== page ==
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David Bate

Baroque Space

Joe Coleman



André Bazin argues in 'The Ontology of the Photographic Image' that 'In achieving the aims of baroque art, photography has freed the plastic arts from their obsession with likeness.'1 Photography and the cinema, he says, have satisfied our 'appetite for illusion'. The invention of myriad computer imagery shows this to be otherwise. The appetite for illusion shows no bounds, just as the psychoanalytic proposition of Jacques Lacan the 'metonymy of desire' reminds us that desire itself is never satisfied.

In this context, new computer-based practices of representation are, without knowing it, precipitating a mutation in representational space. Is there an uncanny 'return of the repressed' that moves us out of twentieth-century photographic realism and into a Baroque space?

The attitude of Baroque art, according to Erwin Panofsky, can be defined as 'based on an objective conflict between antagonistic forces, which, however, merge into a subjective feeling of freedom and even pleasure...'2 The paradigmatic example of this for Panofsky is a sculpture, the Ecstasy of St. Theresa (1644-47) by Bernini. (The proper title is Mystical Ecstasy of St Teresa of Avila.) This famous altar piece in Rome dedicated to Saint Theresa depicts the moment in her story when an angel of the Lord has pierced her heart with a golden flaming arrow. She is shown swooning, filled with pain and sexual ecstasy. Religious and ecstatic, her facial expression is intended to show this emotional intensity, while streams of light in the form of golden rays suggest the movement of her rising to heaven. The sculpture itself floats in space between the ground and the heavens. The drapes around her body also suggest movement with their crisp representation of dishevelled and whirling forms. The three - dimensional statue combines picture, relief and plastic grouping. Thus for Panofsky:
'Baroque art came to abolish the borderline between the "three arts," and even art and nature, and also brought forth the modern landscape in the full sense of the word, meaning a visualization of unlimited space captured in, and represented by, a section of it, so that human figures became debased to a mere "staffage" and finally could be dispensed with altogether.'3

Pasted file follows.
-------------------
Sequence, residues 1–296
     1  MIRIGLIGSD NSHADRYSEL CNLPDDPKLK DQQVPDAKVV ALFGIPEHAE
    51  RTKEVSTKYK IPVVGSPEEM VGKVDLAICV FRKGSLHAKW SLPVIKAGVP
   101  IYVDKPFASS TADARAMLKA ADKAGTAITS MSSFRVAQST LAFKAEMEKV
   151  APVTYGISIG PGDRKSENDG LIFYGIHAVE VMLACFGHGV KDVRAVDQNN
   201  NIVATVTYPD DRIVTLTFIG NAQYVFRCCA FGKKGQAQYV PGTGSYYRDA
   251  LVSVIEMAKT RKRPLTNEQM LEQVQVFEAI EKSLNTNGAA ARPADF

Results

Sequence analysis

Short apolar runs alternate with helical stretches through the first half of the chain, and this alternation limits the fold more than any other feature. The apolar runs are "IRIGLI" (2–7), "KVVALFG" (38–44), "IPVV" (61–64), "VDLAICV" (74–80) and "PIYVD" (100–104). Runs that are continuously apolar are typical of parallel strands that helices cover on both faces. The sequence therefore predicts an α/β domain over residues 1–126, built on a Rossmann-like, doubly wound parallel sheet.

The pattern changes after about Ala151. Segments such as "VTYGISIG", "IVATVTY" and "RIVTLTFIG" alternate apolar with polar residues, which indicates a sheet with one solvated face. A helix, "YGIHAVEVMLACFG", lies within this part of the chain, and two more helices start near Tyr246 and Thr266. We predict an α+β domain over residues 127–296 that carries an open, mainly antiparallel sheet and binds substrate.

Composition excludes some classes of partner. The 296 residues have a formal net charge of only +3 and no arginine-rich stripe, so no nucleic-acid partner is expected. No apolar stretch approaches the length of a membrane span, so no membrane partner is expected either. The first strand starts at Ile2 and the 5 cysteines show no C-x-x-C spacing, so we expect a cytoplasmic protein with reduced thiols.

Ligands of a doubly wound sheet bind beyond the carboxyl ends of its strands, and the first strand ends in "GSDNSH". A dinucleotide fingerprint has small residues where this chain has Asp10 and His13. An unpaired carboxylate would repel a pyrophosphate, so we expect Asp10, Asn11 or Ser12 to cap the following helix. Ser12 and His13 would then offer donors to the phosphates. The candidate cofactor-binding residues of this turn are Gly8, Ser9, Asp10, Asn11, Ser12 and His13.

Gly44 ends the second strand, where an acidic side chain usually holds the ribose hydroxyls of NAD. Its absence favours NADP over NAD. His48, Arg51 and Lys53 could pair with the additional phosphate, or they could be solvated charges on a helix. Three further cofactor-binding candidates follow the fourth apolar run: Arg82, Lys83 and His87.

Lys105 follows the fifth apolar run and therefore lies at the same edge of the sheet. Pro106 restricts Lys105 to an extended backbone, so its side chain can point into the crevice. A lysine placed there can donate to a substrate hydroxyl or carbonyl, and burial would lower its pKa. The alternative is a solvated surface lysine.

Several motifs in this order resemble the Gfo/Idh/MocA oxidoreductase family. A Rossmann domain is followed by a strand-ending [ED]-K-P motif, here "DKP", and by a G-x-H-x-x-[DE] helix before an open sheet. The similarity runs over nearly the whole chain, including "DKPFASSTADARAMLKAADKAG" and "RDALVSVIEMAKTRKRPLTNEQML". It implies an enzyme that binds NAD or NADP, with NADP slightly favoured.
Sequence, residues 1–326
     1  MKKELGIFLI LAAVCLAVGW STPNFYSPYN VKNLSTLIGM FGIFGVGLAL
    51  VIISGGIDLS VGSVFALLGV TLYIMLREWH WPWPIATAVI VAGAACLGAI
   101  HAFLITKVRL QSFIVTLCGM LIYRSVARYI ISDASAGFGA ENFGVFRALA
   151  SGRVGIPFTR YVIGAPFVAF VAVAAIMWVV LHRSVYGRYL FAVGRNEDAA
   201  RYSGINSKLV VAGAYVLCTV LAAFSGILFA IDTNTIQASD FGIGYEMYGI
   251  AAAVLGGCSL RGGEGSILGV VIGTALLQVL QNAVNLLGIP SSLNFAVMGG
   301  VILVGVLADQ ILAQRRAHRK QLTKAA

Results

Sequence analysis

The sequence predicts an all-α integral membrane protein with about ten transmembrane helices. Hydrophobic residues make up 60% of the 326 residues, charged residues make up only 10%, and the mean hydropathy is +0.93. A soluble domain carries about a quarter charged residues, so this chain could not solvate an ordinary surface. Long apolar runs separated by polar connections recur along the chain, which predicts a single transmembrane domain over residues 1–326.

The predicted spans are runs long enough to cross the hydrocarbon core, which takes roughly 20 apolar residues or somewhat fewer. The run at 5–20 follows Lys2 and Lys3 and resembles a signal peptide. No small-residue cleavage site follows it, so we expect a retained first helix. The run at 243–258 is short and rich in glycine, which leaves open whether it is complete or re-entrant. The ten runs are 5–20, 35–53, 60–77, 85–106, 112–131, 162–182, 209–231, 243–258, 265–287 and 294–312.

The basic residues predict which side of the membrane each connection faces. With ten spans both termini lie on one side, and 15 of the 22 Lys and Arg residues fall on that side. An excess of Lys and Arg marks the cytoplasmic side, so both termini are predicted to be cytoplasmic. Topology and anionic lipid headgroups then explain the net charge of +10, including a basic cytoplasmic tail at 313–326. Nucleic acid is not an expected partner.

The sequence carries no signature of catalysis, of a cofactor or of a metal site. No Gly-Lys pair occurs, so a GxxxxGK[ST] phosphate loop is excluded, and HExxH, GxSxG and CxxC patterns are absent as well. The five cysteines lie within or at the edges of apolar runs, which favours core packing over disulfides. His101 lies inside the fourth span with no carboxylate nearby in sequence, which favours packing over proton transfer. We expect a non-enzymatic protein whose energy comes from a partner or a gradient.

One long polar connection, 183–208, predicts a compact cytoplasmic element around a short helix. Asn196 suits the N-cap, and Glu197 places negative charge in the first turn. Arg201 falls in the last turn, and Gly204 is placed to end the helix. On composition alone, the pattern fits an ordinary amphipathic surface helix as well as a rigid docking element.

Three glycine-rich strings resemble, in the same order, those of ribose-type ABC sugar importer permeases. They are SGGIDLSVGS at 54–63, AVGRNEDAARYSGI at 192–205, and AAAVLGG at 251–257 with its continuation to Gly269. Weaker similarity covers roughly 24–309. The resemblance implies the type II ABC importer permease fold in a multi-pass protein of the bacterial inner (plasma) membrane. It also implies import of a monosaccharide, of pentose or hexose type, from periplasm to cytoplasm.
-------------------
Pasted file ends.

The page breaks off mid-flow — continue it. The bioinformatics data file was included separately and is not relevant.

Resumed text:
With the speed of new technologies, the distance between things is collapsed. Simultaneously different spaces are collapsed into the same time. This is also the condition of Baroque representation.
For Michel Foucault 'the Baroque' period is 4 'the privileged age of trompe-l'oeil painting, of the cosmic illusion, of the play that duplicates itself by representing another play, of the quid pro quo, of dreams and visions; it is the age of the deceiving senses. 5 Celestial frescos, anamorphic distortions, the illusion of doors, windows and other images where they do not exist, all move the spatial representation of the world away from one of resemblance. For Foucault, this is the 'essential rupture of knowledge in the Western world, what has become important is no longer resemblances but identities and differences'. If somewhere like Versailles is 'baroque', it is its grand plan, its 'grotesque', 'excessive ornamentation', the 'decorative' components that spiral off into an infinity of minute differences. Decoration is not extra or unnecessary in the baroque, but constitutive of differing identities, of infinite difference. Where representation had been based in resemblance and similitude in the sixteenth century, the seventeenth century world was represented in signs without guaranteed meaning. While comparison and similitude had revealed the ordering of the world, baroque rhetoric made representation (of the world) a question of analysis; the rule of likeness, resemblance, the ‘chimera of similitude’ was represented as chimera. It is no coincidence that the Baroque was also the age of allegory where a sign is always already a collection of other signs. Laid bare, the illusion of space where there is none, (i.e. the trompe-l'oeil,) may be read allegorically as a critique of the structure of social space and social relations within them. Whether viewed as ugly or beautiful, the common sense of baroque as 'excessive decoration', of an exaggerated, unnecessary artfulness, only shows our distance from an understanding of the Baroque rhetoric of visual splendour.

A common-sense view of baroque is associated with decadence and a grotesque, as things that grew out of an 'ennui', the result of a boredom with the existing spatial and representational conventions. In courtly life of the period where speech was the equivalent of thinking, a bored response signified a refusal or rejection of the speaker's thought. Pleasure in rhetoric is the measure of intelligence and boredom is the signified of a lack of eloquence. A boring speech was one composed of boring thoughts, or rather for the listener no libidinal investment or stimulus in the speaker's words. 'Plato is boring because he is not eloquent.'6